OCTOBER 2 – The day we crossed over into The Twilight Zone

 

On the evening of October 2, 1959, CBS aired the first episode of a new television series created by Rod Serling called The Twilight Zone.

It became one of the most popular TV shows ever made and is still shown in reruns.

The name of the series itself became an idiomatic term to describe a situation that seems weird and strange. And, lines and phrases from the introductions spoken by Serling at the opening of the show became famous.

During the show’s original five year run, Serling’s opening lines changed several times.

His voiceover during the animated title sequence used for the first episode and other early Season One episodes goes like this:

“There is a fifth dimension beyond that which is known to man. It is a dimension as vast as space and as timeless as infinity. It is the middle ground between light and shadow, between science and superstition, and it lies between the pit of man’s fears and the summit of his knowledge. This is the dimension of imagination. It is an area which we call the Twilight Zone.”

During the last four episodes of Season One, Serling recites a different intro that ends with a line about the “next stop”:

“You are about to enter another dimension, a dimension not only of sight and sound but of mind. A journey into a wondrous land of imagination. Next stop, the Twilight Zone!”

Serling came up with yet another beginning for his intros in Season Two, though its ending kept the “next stop.” During the first three episodes of Season Two he said:

“You’re traveling through another dimension, a dimension not only of sight and sound but of mind. A journey into a wondrous land of imagination. Next stop, the Twilight Zone!”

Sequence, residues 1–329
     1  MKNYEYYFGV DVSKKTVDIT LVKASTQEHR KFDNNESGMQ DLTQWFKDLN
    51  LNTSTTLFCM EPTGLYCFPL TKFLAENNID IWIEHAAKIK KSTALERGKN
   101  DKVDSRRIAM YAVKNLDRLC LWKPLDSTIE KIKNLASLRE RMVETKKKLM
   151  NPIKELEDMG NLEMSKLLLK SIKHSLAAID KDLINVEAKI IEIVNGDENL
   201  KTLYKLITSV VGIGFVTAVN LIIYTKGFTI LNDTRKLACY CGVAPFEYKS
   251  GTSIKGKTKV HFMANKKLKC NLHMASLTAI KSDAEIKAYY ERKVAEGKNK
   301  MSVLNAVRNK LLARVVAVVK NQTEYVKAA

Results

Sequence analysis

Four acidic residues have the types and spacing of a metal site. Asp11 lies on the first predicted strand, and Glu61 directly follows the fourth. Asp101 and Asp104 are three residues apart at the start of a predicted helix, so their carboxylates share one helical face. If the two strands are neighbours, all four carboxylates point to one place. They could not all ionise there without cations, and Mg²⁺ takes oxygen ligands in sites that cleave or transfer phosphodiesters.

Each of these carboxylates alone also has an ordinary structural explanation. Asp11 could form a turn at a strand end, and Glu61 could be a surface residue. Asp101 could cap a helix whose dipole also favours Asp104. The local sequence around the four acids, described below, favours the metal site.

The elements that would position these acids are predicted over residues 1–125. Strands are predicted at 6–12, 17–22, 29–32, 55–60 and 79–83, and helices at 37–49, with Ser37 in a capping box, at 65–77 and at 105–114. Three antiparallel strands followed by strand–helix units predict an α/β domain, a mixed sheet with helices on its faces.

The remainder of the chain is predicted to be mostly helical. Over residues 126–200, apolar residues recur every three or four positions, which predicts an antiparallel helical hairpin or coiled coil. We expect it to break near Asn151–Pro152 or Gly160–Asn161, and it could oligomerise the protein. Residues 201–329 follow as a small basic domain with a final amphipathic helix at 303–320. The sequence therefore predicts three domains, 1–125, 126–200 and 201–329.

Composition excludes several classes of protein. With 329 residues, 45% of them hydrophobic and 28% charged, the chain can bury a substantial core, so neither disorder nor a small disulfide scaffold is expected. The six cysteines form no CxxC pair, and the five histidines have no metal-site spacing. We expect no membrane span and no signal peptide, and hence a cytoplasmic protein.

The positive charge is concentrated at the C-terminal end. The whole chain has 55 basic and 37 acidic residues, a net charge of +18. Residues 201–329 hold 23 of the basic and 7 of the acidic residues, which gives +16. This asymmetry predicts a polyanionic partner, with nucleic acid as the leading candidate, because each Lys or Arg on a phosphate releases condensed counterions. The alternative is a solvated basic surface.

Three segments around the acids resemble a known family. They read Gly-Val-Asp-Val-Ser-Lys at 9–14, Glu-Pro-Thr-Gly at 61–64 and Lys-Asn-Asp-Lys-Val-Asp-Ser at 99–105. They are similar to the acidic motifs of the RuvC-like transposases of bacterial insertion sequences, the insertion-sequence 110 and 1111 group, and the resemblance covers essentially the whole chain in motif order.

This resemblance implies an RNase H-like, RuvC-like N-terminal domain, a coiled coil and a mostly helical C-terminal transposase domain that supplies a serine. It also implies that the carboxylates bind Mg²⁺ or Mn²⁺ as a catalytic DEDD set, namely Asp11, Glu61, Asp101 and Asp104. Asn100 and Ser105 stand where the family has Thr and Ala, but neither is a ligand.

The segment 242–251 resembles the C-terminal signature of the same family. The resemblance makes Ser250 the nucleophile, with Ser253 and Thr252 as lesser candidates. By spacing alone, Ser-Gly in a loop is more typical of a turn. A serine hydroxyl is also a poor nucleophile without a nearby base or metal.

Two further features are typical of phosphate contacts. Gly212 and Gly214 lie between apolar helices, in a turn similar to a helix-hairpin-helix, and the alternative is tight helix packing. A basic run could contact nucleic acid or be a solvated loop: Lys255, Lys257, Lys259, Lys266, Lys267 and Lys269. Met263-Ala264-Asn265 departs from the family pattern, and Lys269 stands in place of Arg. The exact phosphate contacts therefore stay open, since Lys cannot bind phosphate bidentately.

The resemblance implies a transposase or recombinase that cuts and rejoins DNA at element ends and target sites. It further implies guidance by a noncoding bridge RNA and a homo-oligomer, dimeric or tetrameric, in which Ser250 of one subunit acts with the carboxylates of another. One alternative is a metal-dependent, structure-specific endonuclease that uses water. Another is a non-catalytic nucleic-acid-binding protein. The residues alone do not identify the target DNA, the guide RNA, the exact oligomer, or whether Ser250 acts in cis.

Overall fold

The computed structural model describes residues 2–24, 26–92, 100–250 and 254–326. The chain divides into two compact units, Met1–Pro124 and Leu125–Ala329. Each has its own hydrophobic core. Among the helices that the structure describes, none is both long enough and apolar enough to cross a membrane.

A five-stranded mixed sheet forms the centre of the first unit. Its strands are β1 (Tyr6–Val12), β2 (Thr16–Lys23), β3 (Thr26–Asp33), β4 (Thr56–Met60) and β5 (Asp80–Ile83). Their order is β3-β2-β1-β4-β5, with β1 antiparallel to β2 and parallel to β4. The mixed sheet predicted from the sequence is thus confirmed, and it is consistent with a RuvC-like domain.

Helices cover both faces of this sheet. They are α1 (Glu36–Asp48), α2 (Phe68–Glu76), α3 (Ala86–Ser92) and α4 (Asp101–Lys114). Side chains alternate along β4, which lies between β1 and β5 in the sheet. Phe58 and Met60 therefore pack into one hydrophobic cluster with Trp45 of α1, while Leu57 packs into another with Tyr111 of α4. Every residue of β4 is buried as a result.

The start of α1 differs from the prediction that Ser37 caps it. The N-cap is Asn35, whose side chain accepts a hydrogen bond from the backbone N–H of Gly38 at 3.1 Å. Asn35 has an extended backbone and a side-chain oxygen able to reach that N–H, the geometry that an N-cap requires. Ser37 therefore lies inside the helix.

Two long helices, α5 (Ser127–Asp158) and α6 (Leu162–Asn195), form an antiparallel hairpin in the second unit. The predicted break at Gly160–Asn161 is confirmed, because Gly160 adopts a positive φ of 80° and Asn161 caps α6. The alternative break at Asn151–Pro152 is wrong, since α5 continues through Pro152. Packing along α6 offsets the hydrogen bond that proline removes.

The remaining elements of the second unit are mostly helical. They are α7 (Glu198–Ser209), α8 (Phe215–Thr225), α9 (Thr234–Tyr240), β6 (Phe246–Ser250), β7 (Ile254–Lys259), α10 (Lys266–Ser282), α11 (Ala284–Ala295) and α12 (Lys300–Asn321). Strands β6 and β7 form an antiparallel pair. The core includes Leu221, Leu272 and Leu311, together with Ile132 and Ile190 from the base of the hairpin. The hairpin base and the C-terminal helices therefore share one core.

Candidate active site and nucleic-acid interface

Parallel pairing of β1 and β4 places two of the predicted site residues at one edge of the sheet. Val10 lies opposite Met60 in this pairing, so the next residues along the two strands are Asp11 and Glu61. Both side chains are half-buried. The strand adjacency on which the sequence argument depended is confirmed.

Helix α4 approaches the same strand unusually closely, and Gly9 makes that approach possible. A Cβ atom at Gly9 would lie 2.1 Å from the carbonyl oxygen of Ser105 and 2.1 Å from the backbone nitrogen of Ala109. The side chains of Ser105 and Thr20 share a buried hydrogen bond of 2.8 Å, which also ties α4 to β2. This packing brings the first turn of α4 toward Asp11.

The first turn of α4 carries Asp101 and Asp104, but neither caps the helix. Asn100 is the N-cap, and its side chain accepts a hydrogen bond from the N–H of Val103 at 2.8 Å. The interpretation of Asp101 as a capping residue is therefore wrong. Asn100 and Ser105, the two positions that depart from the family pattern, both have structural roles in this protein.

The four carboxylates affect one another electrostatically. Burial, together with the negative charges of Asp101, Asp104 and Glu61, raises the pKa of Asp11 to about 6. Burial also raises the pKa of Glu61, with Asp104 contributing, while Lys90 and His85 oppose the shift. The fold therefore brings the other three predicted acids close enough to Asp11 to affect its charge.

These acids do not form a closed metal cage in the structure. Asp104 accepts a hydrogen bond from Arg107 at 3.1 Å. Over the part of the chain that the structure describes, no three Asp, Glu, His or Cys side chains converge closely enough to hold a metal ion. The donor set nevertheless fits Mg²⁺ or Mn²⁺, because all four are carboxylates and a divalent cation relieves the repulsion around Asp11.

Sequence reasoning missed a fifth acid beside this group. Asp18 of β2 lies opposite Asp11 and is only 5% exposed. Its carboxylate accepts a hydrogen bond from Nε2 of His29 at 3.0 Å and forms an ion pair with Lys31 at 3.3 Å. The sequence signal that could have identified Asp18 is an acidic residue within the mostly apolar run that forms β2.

Starting with the fourth episode of Season Two, Serling modified that intro a bit by adding the famed “signpost” ending:

“You’re traveling through another dimension, a dimension not only of sight and sound but of mind. A journey into a wondrous land whose boundaries are that of imagination. That’s the signpost up ahead. Your next stop, the Twilight Zone!”

Serling’s intro for the episodes in Season Three was similar but had a different ending. He says:

“You are traveling through another dimension, a dimension not only of sight and sound but of mind. A journey into a wondrous land whose boundaries are that of imagination. Your next stop, the Twilight Zone!”

During Seasons Four and Five, Serling used an intro that mixed new opening and ending language with a few words and phrases from previous versions. During the final two seasons of the original series, he introduces the episodes by saying:

“You unlock this door with the key of imagination. Beyond it is another dimension — a dimension of sound, a dimension of sight, a dimension of mind. You’re moving into a land of both shadow and substance, of things and ideas. You’ve just crossed over into the Twilight Zone.”

The haunting theme music most fans think of as the music for The Twilight Zone wasn’t used until Season Two.

That opening music begins with the nervous-sounding staccato notes some fans (like me) jokingly mimic with their voices when something is spooky: “dee-dee-dee-dee / dee-dee-dee-dee.” It was written by avant-garde French composer Marius Constant.

Constant’s version was used for Seasons Two through Five of the original series and, with re-recorded elements, for later iterations of The Twilight Zone, including the 1983 movie, the 1985 series, the 2002 series, and the 2019 series. That’s why it seems so familiar.

The original opening music used during the first season was also eerie, but different. It was written by legendary soundtrack composer Bernard Herrmann, creator of many memorable film scores, like the music for Psycho (1960).

The star of the premiere episode of The Twilight Zone was Earl Holliman.

Holliman appeared in scores of movies and TV shows, but he’s best remembered for his portrayal of the male cop partnered with Angie Dickinson in the TV police drama Police Woman during its run from 1974 to 1978.

The first Twilight Zone episode is titled “Where Is Everybody?” In it, Holliman plays a man in an Air Force jumpsuit who inexplicably finds himself in a town where all the people have disappeared.

Just in case you haven’t seen “Where Is Everybody?” I won’t say any more about the plot or the final twist at the end (an element that became a hallmark of the show).

And, if you haven’t seen it but want to after you read this post, here’s a link to watch it on Vimeo.

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